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React navigate to URL

There are two main ways to programmatically navigate to an URL with React:

  • using the window.location object (if the app does not uses React Router)
  • using the React Router useNavigate() hook

This article will show you how to use both approaches.

Programmatically navigate in React using window location

The window.location is the goto tool when you want to navigate to a specific URL and your React app is not managed by the React Router.

We can use one of the below approaches:

//❗️will not be able to use browser's back button 
window.location.replace(url)

// ok to use browser's back button
window.location.href = url

The first line will not create a new browser history entry, therefore the back will not work. While the second button will create the entry as clicking on a normal <a href="..."> will do.

I've made a small React app to illustrate this:
React programmatically navigate to URL

And below is the code for it:

const NavigateLocReplace = ({url}) => {
    // will not be able to use window back
    const navigate = ()=> window.location.replace(url)
    return (<button onClick={navigate}>
        πŸ”΄ Navigate using window.location.replace 
    </button>)
}

const NavigateLocHref = ({url}) => {
    // ok to use window back
    const navigate = ()=> window.location.href = url
    return (<button onClick={navigate}>
        πŸ”΅ Navigate using  window.location.href 
    </button>)
}

const App = () => { 
    return (<div>
        <NavigateLocReplace url="https://www.js-craft.io/" />
        <NavigateLocHref url="https://www.js-craft.io/" />
    </div>)
}

You can see here the Github repo for it, and here is the live working example.

Navigate using the React Router v6 and above with useNavigate() hook

Starting from version 6.0.0 of React Router we have a new hook named useNavigate() that handles the programmatic navigation.

Below you have an example of a React app that uses this hook:

import { useEffect } from 'react';
import { Route, Routes, useNavigate } from 'react-router-dom';

const Index = ()=> {
  const navigate = useNavigate();
  useEffect(() => {
    setTimeout(
        () => navigate('/welcome', { replace: true })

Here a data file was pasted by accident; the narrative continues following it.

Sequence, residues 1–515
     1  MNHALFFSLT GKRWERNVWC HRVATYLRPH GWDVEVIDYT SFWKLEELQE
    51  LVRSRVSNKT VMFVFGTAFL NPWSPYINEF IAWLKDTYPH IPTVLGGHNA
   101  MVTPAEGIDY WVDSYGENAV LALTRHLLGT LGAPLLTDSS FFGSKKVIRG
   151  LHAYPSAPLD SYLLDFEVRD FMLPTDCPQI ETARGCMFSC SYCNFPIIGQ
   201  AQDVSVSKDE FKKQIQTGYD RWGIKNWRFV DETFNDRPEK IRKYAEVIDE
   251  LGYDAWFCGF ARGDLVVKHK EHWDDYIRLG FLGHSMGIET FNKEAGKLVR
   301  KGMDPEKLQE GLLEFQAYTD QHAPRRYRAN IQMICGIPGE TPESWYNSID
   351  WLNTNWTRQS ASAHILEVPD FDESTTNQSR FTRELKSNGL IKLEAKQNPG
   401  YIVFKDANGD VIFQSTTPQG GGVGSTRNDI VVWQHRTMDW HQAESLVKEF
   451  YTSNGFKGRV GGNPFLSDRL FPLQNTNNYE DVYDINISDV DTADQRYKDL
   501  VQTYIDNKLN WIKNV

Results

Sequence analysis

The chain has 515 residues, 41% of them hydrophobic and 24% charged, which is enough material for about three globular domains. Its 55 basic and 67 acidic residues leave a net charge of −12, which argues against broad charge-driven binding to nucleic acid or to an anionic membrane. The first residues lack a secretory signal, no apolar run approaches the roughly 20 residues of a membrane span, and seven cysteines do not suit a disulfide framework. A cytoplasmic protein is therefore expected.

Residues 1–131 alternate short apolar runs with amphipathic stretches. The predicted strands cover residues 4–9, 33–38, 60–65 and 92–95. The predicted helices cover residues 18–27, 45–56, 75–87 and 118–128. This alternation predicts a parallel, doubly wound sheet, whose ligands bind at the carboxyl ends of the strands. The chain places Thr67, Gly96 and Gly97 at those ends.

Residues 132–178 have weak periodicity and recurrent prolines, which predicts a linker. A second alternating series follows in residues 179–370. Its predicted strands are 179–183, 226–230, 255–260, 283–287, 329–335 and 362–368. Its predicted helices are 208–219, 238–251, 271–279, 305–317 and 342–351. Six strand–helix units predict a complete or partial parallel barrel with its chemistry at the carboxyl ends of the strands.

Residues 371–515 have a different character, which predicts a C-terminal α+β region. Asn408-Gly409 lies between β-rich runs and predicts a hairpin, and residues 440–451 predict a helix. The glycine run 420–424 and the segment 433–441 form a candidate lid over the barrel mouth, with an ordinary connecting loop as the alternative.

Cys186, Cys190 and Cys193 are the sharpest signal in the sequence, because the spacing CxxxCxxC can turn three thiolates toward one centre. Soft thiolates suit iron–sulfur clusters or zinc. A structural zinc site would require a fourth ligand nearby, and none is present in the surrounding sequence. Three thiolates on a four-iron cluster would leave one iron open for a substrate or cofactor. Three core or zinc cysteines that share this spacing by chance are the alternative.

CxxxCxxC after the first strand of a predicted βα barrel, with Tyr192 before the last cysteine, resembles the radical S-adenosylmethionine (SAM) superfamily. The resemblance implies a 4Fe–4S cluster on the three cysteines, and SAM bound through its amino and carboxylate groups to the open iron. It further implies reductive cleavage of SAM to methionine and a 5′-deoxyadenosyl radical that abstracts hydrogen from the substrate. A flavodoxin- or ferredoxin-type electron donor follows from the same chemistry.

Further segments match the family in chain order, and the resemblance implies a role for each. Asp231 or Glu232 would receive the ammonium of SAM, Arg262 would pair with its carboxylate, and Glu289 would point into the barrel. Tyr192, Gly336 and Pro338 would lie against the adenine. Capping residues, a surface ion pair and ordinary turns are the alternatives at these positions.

, 3000);
  }, []);
  return <>Redirecting to the Welcome page.</>;
}

const App = ()=> {
    return (
        <Routes>
            <Route path="/" element={<Index />} />
            <Route path="welcome" element={<> πŸ™Œ Welcome </>} />
        </Routes>
    )
}

We can pass in a delta (an integer number) to the useNavigate() hook and go back and forth in the browser's history:

const navigate = useNavigate()

// πŸ‘ˆ goes back like the browser’s β€œBack” button
navigate(-1)

// πŸ‘ˆ goes forward like the browser’s β€œForward” button
navigate(1)

React Router v5 and useHistory (legacy)

React Router version 5 had a similar method called useHistory(), which served a similar purpose as the useNavigate() hook introduced in later versions.

If you're using version 5 or earlier, here's how you can navigate to an URL:

import React from 'react';
import { useHistory } from 'react-router-dom';

const App = () => {
  const history = useHistory();
  const handleClick = () => history.push('/exit');

  return (
    <button type="button" onClick={handleClick}>
      Goodbye πŸ‘‹πŸ‘‹πŸ‘‹
    </button>
  );
};

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πŸ“– 50 Javascript, React and NextJs Projects

Learn by doing with this FREE ebook! Not sure what to build? Dive in with 50 projects with project briefs and wireframes! Choose from 8 project categories and get started right away.


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